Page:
The components of the climate construct can be seen as the characteristics that define an organization and differentiate it from other organizations, and which, according to Litwin and Stringer1, can be measured and controlled. From the above discussion, it is clear that definitions and approaches to organizational climate are diverse. In the literature, it is evident that the sample applies to the dimensions and measurement of organizational climate because a wide variety of dimensions are used by various researches to assess organizational climate.
Litwin and Stringer (1968)2 identified that 9 dimension of organizational climate as follows:
- Structure: This dimension refers to how employees feel about various organizational constraints and rules. For example, can the organization be seen as having set processes and procedures that must be followed or can it be characterized by more relaxed approach to getting things done.
- Responsibility: This dimension is concerned with how employees feel about being able to make their own decisions without having to constantly “check in” with a boss. This involves knowing what one entail and making sure the work gets done.
- Reward: This dimension focuses on how employees perceive being rewarded for the work they do. The emphasis is on positive reinforcement and the perception of fairness regarding payment and promotion policies.
- Risk: This dimension seeks to describe the risk or challenge as that is associated with a particular job as well as the organizations general approach to taking risks of its inclinations to adopt a more stable view.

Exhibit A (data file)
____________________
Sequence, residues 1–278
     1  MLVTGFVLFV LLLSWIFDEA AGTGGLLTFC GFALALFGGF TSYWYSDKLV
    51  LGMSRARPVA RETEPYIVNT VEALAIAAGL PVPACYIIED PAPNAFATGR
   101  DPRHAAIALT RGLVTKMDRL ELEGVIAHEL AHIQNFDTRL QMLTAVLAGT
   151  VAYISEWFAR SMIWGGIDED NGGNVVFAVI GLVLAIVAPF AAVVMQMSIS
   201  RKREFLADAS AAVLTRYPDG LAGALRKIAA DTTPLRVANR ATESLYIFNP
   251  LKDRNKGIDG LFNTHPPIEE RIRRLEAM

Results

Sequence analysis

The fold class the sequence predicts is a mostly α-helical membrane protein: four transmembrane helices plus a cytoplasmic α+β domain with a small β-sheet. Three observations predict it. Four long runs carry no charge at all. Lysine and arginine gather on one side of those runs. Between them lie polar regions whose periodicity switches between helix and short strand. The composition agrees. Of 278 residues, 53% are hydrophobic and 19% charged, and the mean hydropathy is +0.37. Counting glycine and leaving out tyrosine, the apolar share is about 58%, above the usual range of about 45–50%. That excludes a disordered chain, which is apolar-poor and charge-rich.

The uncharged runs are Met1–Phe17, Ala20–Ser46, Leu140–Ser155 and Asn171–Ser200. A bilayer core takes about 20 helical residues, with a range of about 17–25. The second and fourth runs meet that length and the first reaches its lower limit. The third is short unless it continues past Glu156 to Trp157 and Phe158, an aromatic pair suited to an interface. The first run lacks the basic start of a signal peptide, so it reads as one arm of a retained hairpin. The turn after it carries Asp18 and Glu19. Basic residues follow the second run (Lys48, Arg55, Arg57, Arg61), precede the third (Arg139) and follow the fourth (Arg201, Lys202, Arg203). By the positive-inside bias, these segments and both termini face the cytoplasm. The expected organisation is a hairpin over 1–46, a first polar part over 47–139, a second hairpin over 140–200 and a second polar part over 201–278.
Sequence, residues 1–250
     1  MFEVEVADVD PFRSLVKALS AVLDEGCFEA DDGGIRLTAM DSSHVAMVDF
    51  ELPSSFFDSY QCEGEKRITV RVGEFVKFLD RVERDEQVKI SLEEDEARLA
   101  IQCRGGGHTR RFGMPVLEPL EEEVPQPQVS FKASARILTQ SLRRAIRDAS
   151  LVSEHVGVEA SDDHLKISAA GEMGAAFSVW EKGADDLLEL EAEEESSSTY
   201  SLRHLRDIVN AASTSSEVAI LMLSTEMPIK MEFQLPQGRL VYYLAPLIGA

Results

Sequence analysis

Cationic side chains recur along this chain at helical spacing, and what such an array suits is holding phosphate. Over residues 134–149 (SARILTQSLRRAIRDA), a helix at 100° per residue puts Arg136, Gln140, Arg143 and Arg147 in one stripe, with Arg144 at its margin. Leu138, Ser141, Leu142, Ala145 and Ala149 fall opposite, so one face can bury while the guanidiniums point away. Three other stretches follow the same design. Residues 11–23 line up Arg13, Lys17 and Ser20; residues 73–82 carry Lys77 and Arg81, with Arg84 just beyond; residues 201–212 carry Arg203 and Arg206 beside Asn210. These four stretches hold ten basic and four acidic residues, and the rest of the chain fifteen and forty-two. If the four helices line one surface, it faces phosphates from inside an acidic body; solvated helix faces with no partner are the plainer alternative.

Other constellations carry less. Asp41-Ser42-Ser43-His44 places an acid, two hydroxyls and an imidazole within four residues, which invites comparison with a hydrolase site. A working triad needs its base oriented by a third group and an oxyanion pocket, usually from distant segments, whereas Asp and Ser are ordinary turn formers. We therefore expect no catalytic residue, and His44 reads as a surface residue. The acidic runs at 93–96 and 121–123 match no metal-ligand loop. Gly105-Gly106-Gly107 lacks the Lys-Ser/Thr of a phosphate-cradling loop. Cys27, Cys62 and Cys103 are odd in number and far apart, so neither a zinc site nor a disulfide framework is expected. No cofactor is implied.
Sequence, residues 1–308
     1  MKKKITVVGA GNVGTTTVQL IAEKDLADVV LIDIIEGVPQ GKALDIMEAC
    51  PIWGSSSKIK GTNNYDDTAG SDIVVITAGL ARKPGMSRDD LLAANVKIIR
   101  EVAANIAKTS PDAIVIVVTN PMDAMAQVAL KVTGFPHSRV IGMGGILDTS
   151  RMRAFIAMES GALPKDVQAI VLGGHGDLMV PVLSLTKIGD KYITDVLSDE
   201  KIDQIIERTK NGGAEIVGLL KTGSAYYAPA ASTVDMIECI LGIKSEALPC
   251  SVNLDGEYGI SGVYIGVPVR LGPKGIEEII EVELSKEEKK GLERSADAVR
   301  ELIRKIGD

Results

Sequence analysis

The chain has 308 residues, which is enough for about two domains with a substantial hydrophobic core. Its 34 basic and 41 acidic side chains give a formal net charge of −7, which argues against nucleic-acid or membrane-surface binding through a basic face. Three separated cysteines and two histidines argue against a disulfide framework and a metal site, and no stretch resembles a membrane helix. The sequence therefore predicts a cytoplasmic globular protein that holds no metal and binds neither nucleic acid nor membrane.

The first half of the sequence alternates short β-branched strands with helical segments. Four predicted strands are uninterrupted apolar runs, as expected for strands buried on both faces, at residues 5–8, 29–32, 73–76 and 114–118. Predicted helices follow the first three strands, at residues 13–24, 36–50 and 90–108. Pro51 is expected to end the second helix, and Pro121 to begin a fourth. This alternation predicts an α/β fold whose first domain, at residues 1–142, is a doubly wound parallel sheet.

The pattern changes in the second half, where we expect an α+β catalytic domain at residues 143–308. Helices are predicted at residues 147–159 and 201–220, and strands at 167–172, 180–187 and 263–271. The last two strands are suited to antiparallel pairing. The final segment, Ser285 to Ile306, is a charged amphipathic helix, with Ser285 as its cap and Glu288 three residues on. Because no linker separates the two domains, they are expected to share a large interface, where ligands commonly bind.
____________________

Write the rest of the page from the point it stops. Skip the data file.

- Warmth: The focus of this dimension is on the groups or organization’s general feeling of friendliness.
- Support: The aim of this dimension is to gauge how employees perceive their managers and colleagues willingness to help and provide support.
- Standards: This dimension refers to the emphasis that is placed on achieving set goals and meeting the standard and doing outstanding work.
- Conflict: This represents the extent to which managers and employees wish to openly discuss issues or concerns rather than ignoring them as well as wanting to explore varying views.
- Identity: This dimension measures the extent to which employees feel valued in the group and feel part of the organization.
- Supervisory-management relations. has highlighted various dimensions as follows:
- Scope for advancement
- Grievance handling
- Monetary benefits
- Participative management
- Objectivity and rationality
- Recognition and appreciation
- Safety and security
- Training and education
- Welfare facilities
Schneider and Barlett4
- i) management support gave a broader and systematic study of climate dimensions. They include the following factors:
- ii) management structure
- iii) concern for new employees
- iv) inter-agency conflict
- v) agent dependence and
- vi) general satisfaction
Schneider and Bartlett (1968)5 had proposed four organizational climate dimensions. They are:
- Individual autonomy – based on the factors of individual responsibility, agent independence, rules orientation, and opportunities for exercising individual initiative.
- The degree of structure imposed upon the position – based on the factors of structure, managerial structure and the closeness of supervision.